Last year, in 2016, I was offered a pretty cool opportunity by my Sister and brother in law. The opportunity to go out the French alps and live there for almost 3 months. Why? To build a small, luxurious chalet. I obviously (without thinking of the enormous work load I was about to take on) jumped at the chance, and said yes!
But why the small chalet in the French Alps? What are they buying? The story is very sweet indeed. Ten years ago, my sister Sarah, Brother in-law Ben and lovely couple called Kyle and Nikita, all met in university in Portsmouth. They remained friends and have shared many holidays and good reunion party’s since then. In 2015, Kyle and Nikita ran a large chalet in Morzine (there is another long story connected to this beautiful French ski resort, but that might have to wait till another time) They both worked as chalet hosts for the winter season.
One day, Kyle and Nik stumbled across a…well…a snow covered shed. In the window was a for sale sign. Skip forward a year and the four of them officially owned it. The shed was in fact a Mazot, which is a French safe store built in the mountains to keep belongings safe from the frequent chalet fires that occurred in the mountains. They are of course mostly made of wood! This place was a time capsule to the olden days of the mountain life style. It needed some work. My Brother in law Ben is a property developer in Bournemouth and so quickly started putting some ideas together and the four of them discussed the potential for the place. After involving a local French Architect, they soon had a full design scheme to turn an old Mazot into a luxury 2 bed holiday retreat, perfect for a family ski holiday or friends who want to escape the city for a summer break of hiking, lake walks and the taste of local merlot.
They asked me to get involved as they wanted the whole project well documented. I also have a bit of a soft spot for building design as my father is an architect and enjoy decorating way too much and love getting involved in something different, who doesn’t. The first stage of the build was in May 2016 and it took us all 5 weeks to get the place structurally safe and the inside was ready for the local plumber and electrician to complete their work. The second trip was later in October and after many discussions on ‘where should this go’ and ‘what about doing it this way’ the final details were complete. The place was truly stunning. Hopefully the photos below will speak for themselves.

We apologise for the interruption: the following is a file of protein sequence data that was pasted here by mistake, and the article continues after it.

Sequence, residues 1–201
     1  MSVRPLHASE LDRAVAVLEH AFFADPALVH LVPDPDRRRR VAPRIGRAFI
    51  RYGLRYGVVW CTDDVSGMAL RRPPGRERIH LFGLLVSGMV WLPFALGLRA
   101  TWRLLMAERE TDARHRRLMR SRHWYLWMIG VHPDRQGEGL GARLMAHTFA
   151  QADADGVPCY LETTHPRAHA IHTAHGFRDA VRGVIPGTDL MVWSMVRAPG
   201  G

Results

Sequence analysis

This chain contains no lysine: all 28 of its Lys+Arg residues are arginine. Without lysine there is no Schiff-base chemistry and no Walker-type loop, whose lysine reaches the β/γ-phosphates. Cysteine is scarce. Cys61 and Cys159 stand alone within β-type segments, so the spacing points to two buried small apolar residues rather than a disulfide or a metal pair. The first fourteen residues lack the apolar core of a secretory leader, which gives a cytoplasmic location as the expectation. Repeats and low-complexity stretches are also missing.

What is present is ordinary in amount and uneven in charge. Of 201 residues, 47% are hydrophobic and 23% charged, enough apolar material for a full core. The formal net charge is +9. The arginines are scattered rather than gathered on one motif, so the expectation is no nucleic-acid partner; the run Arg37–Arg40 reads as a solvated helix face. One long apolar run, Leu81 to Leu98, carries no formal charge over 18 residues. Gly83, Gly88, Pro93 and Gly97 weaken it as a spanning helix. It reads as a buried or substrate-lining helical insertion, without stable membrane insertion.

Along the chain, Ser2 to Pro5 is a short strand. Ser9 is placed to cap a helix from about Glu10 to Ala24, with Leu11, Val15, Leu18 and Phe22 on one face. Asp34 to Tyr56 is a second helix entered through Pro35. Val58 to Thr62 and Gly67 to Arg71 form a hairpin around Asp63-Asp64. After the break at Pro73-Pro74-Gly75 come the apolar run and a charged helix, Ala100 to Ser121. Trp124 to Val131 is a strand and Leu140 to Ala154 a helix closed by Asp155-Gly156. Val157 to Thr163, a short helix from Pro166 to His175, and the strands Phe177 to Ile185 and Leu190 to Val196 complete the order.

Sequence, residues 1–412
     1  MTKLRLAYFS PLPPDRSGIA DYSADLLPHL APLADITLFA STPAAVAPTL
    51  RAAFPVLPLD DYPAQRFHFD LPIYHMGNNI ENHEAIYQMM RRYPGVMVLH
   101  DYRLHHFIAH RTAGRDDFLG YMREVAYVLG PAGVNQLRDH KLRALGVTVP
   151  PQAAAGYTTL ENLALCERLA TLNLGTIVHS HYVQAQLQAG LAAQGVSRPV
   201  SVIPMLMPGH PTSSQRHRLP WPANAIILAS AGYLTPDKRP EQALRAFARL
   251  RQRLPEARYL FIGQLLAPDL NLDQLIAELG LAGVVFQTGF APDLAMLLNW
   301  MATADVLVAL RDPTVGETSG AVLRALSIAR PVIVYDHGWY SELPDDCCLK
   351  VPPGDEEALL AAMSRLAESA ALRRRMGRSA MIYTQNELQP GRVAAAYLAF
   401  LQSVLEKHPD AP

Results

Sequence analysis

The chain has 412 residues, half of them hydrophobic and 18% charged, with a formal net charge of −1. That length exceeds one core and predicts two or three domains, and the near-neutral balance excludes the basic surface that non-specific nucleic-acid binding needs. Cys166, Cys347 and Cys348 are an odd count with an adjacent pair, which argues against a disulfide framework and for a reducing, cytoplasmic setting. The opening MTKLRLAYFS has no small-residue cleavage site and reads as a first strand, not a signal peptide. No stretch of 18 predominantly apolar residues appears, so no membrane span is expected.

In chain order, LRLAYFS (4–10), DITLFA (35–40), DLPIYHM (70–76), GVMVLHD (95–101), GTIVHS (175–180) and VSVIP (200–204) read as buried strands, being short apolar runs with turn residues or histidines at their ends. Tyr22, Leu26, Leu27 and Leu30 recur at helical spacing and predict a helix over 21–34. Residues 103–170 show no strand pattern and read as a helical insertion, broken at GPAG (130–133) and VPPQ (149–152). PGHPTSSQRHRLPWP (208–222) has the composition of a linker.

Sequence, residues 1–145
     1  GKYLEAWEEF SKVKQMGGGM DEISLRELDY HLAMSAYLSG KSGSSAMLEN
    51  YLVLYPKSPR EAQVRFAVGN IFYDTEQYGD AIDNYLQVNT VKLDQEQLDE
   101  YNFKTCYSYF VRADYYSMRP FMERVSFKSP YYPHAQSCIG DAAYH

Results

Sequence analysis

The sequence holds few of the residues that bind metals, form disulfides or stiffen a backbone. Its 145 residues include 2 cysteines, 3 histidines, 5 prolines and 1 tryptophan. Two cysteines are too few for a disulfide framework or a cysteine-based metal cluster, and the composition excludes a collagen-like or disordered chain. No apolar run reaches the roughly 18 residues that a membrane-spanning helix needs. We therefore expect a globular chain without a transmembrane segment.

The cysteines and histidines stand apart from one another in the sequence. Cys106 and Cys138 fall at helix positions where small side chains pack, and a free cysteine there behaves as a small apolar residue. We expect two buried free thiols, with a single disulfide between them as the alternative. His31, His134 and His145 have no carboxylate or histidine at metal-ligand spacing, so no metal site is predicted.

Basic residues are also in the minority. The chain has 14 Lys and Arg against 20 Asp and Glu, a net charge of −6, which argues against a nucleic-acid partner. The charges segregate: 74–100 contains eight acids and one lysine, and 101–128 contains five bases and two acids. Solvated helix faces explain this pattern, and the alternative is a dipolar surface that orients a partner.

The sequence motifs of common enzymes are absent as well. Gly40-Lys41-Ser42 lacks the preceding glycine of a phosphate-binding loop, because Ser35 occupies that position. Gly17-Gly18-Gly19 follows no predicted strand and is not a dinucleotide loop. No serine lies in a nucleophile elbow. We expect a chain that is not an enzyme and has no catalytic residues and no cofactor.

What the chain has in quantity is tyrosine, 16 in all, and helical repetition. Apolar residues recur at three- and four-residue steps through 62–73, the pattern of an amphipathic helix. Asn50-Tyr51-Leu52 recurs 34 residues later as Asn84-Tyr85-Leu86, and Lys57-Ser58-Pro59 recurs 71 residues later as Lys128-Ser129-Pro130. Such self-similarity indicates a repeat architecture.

I was thrilled when I heard that they wanted me to design the logo for the Mazot. The name for which had now been decided. So what was the name? They decided to name it after the song that gave everyone involved with the trip a strong memory of working on it, as well as the long evenings spent chatting the project through. It was a song called Cucurucu by the singer songwriter Nick Mulvey. It is a beautiful, both melodically and lyrically, and suited the place perfectly. Cucurucu. Bird song. The sound of the mountains in the long summer evenings.
My thoughts were to keep it very simple. Simple but with that sense of tradition and what history the place had. I also knew immediately that it would involve some reference to a bird due the the name. I ended up with something that they were all very happy with and made me feel proud to have given this stunning place an official identity.
The last part of my involvement with the Mazot, was to compile all the photographs I had taken (it was many) and put a book together to tell the story through the people, the place and the project itself. After numerous edits, I had the book printed. The four of them collaborated to write an introduction to the book which is followed by three chapters of photographs, and concluded with a few pages of all the people that helped on the project. Both couples now own a copy as well as the Cucurucu itself where it waits to tell its story to guests, friends and family. It still gives me a little sense of pride and joy when I visit my sisters house and go through it.